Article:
accompt

Related to accompt: puissance

accompt

(əˈkɒmpt)
n
an account
vb (tr)
to account
Collins English Dictionary – Complete and Unabridged, 12th Edition 2014 © HarperCollins Publishers 1991, 1994, 1998, 2000, 2003, 2006, 2007, 2009, 2011, 2014
References in classic literature ?
"An Sir Kay had had time to get another skin of sour wine into him, ye had seen the accompt doubled."
``Well, Prior,'' said the Outlaw, ``I will detain thee no longer here than to give the Jew a quittance for the six hundred crowns at which thy ransom is fixed I accept of him for my pay-master; and if I hear that ye boggle at allowing him in his accompts the sum so paid by him, Saint Mary refuse me, an I burn not the abbey over thine head, though I hang ten years the sooner!''
Some of these instructions are truly surprising, as for example Sullivan's remark about Private Willis's "When all night long," which opens act 2: "1st eight bars of song to be sung ad lib: like a gentleman at a public dinner without accompt" (part C, p.
[DACC.sub.it] = [[beta].sub.0]+ [[beta].sub.1] [(FD).sub.it] + [[beta].sub.2][(AQ).sub.it] + [[beta].sub.3][(ACCOMPT).sub.it] + [[beta].sub.4][(ACMEET).sub.it] + [[beta].sub.5][(ACSIZE).sub.it] + [epsilon] it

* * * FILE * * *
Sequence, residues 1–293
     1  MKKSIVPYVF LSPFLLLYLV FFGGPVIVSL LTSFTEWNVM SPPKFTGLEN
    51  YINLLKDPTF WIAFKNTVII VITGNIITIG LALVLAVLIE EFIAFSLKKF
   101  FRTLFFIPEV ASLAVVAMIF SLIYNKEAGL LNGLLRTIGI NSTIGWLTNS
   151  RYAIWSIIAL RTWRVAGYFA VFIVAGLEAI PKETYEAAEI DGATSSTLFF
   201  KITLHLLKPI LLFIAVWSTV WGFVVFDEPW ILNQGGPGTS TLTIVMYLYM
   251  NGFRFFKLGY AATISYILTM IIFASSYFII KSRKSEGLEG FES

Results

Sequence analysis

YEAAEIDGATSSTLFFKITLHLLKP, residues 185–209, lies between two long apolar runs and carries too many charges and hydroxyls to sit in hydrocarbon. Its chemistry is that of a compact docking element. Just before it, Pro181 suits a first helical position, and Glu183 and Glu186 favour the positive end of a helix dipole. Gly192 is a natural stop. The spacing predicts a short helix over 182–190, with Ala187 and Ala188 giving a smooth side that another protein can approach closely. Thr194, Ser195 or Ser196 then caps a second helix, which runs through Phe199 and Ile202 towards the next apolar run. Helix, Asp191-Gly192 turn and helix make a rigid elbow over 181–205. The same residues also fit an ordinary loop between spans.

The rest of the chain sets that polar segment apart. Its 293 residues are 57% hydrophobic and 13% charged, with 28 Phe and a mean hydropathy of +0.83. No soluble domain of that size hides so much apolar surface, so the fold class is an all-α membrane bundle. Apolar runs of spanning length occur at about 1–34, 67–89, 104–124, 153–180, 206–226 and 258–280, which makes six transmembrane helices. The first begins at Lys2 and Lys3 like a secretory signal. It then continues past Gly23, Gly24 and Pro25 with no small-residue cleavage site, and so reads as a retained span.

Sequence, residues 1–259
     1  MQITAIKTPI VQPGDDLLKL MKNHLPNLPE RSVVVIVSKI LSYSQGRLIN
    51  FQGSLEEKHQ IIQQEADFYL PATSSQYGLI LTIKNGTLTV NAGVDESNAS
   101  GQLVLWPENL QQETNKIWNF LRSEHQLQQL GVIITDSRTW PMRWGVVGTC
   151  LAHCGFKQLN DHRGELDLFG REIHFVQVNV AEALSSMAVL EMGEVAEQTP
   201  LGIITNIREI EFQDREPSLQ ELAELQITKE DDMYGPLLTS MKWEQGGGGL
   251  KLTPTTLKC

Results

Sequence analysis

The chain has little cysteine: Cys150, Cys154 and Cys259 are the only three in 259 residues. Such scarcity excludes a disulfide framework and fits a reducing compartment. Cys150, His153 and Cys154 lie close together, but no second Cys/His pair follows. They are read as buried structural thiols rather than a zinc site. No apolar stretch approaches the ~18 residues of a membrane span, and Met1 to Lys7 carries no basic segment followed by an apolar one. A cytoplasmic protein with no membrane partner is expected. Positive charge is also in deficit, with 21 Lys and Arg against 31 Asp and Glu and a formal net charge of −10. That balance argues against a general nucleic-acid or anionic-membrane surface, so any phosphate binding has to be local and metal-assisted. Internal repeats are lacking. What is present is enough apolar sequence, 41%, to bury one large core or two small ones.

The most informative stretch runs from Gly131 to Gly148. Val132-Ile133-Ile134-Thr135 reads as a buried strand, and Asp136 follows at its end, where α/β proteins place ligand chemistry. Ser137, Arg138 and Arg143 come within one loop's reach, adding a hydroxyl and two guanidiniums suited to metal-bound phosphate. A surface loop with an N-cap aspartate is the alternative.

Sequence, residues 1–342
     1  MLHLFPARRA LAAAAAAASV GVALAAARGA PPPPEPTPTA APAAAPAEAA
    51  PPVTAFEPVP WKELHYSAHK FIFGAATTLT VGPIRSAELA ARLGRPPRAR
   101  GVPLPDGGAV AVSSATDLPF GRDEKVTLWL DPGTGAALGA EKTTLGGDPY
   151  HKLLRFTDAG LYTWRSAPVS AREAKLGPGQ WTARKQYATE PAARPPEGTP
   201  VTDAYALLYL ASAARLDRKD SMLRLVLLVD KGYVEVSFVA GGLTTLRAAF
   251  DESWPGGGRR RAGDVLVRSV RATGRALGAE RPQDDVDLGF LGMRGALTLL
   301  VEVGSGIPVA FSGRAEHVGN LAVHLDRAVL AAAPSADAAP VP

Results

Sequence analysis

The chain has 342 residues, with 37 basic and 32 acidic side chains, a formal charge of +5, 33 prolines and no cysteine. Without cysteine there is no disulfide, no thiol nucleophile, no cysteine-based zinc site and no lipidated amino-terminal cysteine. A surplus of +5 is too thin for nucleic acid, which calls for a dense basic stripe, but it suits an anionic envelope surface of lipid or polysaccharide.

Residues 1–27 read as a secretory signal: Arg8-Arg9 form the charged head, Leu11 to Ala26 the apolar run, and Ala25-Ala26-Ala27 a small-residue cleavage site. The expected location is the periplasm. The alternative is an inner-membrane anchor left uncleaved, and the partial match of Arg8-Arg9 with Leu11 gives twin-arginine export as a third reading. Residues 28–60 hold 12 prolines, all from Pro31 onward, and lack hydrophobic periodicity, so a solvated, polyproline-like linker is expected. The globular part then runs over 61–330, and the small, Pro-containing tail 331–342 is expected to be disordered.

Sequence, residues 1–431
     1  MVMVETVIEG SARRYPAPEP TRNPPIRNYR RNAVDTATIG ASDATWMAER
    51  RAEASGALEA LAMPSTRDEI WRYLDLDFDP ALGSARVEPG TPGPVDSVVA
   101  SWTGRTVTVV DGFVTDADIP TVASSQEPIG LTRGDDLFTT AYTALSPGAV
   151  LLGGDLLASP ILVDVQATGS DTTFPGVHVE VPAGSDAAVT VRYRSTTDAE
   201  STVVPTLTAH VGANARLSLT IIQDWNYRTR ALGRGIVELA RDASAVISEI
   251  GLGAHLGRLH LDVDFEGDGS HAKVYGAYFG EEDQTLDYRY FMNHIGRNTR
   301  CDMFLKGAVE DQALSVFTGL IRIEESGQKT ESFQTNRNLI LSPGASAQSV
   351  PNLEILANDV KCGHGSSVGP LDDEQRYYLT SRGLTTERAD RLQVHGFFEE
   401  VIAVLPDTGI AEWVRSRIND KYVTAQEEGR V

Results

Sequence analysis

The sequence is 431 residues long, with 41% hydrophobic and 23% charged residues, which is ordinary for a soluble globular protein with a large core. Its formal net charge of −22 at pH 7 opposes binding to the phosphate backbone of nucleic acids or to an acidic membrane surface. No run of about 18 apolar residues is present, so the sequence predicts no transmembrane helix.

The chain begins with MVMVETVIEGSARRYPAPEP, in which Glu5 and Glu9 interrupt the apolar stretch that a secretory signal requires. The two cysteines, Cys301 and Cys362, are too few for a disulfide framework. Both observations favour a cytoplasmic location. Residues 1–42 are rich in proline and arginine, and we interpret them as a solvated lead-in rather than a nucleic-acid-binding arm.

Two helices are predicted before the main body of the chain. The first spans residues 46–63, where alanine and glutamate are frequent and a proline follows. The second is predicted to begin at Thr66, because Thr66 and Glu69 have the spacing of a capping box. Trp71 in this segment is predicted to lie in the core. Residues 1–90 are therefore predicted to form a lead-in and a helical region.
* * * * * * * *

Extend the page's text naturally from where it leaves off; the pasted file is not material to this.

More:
They 'will give to God and and [sic] the Kinge a just accompt'.
It would be iniquitous and unnecessary to give an action in such a case for plainly the popular action cannot destroy the private action; and it would be hard beyond measure to oblige every person to [defend] a popular action where he is liable to be called to accompt a second time at the instance of the private party.
The teacher's task of carrying the students on the wings of blank verse while clearly not of as "great accompt" is no less daunting as one enacts the roles of transmitter, translator and caretaker, all in one.
(6.) John Spreull, An Accompt Current betwixt Scotland and England Balanced Together with an Essay of a Scheme of the Product of Scotland, Edinburgh, 1705, 25, NLS, Rare Book Collection, 1.112(2); T.C.
On its title page, SC6/JASI/ 1646 is described as "The Declaration of the Accompt of Sir George Carew" for "Anglia" for the year "Anno HP" 1605." The first ten folios list rents and revenues from the Queen's manors in England, followed by folios specifying payments to members of her household and others, including Mountjoy and Cooksberry.
(9) The difficulty with the visual arts lies in persuading viewers to 'play ball'; artists cannot, as Shakespeare did, demand help from their audience's imagination: And let us, ciphers to this great accompt, On your imaginary forces work.